A Unique Sanctuary

The Okavango Delta

The Okavango Delta is a vast and varied ecosystem created as the Okavango River flows into the Kalahari desert in Botswana. Rich in wildlife, this World Heritage Site is a sanctuary to some of the world's most endangered animals and birds.

The Okavango Delta is a unique pulsing wetland. More correctly an alluvial fan, the delta covers between 6 and 15 000 square kilometres of Kalahari Desert in northern Botswana and owes its existence to the Okavango (Kavango) River which flows from the Angolan highlands, across Namibia’s Caprivi Strip and into the harsh Kalahari Desert.

Each year the Okavango River discharges approximately 11 cubic kilometres (1.1 × 10¹³ litres) of water into the Okavango Delta. Most of this water is lost to transpiration by plants (60%) and by evaporation (36%) with only 2% percolating into the aquifer system with the remainder finally flowing into Lake Ngami.

The Okavango Delta is affected by seasonal flooding with flood water from Angola reaching the Delta between March and June, peaking in July. This peak coincides with Botswana’s dry season resulting in great migrations of plains game from the dry hinterland.

Generally flat, with a height variation of less than two meters across its area, dry land in the Okavango Delta is predominantly comprised of numerous small islands, formed when vegetation takes root on termite mounds, however larger islands exist with Chief’s Island, the largest, having been formed on a tectonic fault line.

The 1000th site to be inscribed on UNESCO’s World Heritage List in 2014, the Okavango Delta is an important wildlife area protected by both the Moremi Game Reserve, on its eastern edge, and the numerous wildlife concessions within Ngamiland.

An oasis in an otherwise dry environment the Okavango Delta is known for its superb wildlife, with large populations of mammals and excellent birding particularly in the breeding season.

Very much at the centre of Botswana’s safari industry, the Okavango Delta features some of Africa’s premier camps such a Mombo Camp, Duba Plains Camp, Vumbura Camp, Xigera Camp, Abu Camp, Sandibe Camp and many more.


The Okavango Delta supports large concentrations of birds and animals and is perhaps one of the best places to see animals and birds in Africa.

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Associations between people and the Delta started long before it came to the attention of the wider outside world during the second half of the 19th century.

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The Land

The Okavango Delta is a vast ecosystem created as the Okavango River flows into the parched Kalahari Desert, a sanctuary for a myriad of species.

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The Okavango Delta supports large concentrations of animals on both a permanent and seasonal basis. The Okavango Delta is a dynamic ecosystem dependent on the life giving waters of the Okavango River. With the flood waters of the river reaching the delta at the start of the dry season, the delta has a distinct rhythm. A year round destination, each season in the delta offers a different safari experience.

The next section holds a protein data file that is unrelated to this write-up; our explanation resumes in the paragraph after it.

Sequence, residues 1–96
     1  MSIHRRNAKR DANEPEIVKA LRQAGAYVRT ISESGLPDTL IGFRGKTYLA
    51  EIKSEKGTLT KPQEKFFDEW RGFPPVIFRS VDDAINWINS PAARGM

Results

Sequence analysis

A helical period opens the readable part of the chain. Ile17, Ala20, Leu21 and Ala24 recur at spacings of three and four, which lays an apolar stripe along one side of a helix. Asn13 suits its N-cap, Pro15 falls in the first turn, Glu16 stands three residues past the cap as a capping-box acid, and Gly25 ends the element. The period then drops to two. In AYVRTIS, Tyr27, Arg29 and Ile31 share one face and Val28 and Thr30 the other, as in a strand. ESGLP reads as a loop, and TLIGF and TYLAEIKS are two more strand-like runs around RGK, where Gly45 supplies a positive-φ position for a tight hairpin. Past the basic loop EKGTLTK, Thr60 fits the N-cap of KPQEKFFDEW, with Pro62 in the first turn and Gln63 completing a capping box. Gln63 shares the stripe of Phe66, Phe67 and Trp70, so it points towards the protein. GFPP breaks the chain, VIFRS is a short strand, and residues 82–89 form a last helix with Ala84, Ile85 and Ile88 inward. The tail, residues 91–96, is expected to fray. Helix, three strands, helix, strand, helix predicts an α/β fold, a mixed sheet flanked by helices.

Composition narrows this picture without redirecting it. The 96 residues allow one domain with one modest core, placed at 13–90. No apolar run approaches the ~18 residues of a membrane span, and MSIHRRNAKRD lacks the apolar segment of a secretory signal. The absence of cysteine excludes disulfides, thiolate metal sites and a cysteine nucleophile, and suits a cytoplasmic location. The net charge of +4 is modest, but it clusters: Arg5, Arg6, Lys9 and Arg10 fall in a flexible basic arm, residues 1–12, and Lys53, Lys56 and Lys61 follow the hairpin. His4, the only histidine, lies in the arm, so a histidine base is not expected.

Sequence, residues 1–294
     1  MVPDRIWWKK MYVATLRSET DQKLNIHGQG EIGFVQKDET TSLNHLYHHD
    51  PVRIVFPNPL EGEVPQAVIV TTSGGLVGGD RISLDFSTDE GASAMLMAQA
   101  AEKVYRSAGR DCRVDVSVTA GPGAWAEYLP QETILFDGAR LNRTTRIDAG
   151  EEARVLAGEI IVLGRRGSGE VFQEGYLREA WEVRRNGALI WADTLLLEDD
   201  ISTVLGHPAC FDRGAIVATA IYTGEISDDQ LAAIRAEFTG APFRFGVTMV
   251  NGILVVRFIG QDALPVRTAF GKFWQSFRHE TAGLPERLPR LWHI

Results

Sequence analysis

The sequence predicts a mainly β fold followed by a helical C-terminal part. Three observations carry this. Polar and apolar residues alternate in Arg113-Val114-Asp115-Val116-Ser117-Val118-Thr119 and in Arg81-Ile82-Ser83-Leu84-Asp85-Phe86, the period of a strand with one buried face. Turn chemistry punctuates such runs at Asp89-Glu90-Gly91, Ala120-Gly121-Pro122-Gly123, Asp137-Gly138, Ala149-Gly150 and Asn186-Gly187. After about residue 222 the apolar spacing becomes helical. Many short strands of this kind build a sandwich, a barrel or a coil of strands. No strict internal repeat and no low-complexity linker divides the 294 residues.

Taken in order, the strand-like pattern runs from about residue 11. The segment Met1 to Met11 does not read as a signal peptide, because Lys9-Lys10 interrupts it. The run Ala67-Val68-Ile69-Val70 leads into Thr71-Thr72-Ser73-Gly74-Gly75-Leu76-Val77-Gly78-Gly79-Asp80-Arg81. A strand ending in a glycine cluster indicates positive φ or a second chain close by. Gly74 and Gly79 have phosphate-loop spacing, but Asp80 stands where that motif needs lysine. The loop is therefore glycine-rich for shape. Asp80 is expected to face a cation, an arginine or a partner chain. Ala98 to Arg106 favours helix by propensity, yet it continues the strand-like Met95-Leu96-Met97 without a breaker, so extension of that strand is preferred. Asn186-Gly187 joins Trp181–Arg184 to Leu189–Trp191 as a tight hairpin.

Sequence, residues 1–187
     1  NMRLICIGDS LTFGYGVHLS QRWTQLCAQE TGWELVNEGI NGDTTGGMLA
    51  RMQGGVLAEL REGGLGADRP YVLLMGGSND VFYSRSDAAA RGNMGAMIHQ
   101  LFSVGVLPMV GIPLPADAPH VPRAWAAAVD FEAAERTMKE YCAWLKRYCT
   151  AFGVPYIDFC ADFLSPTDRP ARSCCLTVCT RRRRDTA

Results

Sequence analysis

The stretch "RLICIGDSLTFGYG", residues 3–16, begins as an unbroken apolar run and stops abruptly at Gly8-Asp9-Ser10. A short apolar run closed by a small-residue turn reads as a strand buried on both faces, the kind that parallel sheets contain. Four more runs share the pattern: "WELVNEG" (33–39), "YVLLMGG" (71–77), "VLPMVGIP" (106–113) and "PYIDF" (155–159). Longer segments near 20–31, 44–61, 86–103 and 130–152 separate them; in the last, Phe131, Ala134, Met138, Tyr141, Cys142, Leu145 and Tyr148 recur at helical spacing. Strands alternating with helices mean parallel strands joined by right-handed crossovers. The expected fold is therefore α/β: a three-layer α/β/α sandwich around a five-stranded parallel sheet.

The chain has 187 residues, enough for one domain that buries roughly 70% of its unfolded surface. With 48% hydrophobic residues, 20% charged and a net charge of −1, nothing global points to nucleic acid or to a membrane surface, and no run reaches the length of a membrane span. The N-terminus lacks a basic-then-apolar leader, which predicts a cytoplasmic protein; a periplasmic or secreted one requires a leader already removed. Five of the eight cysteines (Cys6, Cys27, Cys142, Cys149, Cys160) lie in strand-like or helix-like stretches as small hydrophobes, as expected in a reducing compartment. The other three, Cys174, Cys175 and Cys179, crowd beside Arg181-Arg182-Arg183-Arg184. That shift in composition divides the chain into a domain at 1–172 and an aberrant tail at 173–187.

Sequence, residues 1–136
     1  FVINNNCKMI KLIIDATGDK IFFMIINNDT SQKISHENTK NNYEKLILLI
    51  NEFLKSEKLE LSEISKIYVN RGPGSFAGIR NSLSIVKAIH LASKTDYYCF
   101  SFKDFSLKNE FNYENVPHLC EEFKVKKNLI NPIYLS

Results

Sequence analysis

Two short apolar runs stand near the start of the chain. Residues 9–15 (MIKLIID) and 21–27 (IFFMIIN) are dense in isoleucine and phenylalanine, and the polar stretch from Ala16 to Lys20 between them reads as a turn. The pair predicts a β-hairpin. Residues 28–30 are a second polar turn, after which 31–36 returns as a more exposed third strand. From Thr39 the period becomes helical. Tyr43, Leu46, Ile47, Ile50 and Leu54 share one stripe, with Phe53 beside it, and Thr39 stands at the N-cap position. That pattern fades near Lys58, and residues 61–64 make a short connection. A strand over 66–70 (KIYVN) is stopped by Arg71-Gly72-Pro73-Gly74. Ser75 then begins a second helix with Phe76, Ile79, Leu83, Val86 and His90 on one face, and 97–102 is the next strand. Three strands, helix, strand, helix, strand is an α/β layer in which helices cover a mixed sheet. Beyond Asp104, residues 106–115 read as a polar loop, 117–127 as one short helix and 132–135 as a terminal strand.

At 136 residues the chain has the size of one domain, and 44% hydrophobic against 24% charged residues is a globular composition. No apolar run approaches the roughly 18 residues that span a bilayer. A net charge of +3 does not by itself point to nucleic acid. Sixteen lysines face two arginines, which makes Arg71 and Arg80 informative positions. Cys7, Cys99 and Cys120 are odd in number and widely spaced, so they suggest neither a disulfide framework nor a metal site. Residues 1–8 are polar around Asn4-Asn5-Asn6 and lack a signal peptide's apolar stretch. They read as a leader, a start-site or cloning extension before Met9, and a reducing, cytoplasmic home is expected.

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With the heart of the Okavango Delta, the Moremi Game Reserve, surrounded by vast wildlife concessions the Okavango Delta is one of Africa’s great game preserves. Like much of northern Botswana, the area around the Moremi Game Reserve is divided into vast private concessions. These concessions present an unspoilt Africa to the visitor, free of crowds and with amazingly diverse activities on offer.

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Formation of the Okavango

The Okavango forms when a great river flows not into the sea, but into Kalahari sands in the middle of southern Africa. More correctly termed an alluvial fan comprising areas that are permanently, seasonally and occasionally flooded. It owes its existence to the Okavango (Kavango) River flowing from the Angolan highlands, across Namibia’s Caprivi Strip and into the harsh Kalahari Desert.

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Creating a sustainable future for the land, wildlife and people of Botswana. Tourism plays an increasingly important role in Botswana's economy, and with the Okavango Delta being the most sought after destination in the country it is a key pillar in Botswana's economic foundation as well as its future.

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Birds play an important role as indicator species when it comes to monitoring environmental health and biodiversity. As one of the world’s greatest wetland sanctuaries - a rich, diverse and pristine wilderness- the Okavango Delta offers excellent birding opportunities with over 495 species recorded.

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Hippopotamus (Hippopotamus amphibius)

The common hippopotamus inhabits rivers, lakes and mangrove swamps, where territorial bulls preside over a stretch of river and groups of five to thirty females and young. During the day, they remain cool by staying in the water or mud; reproduction and childbirth both occur in water.

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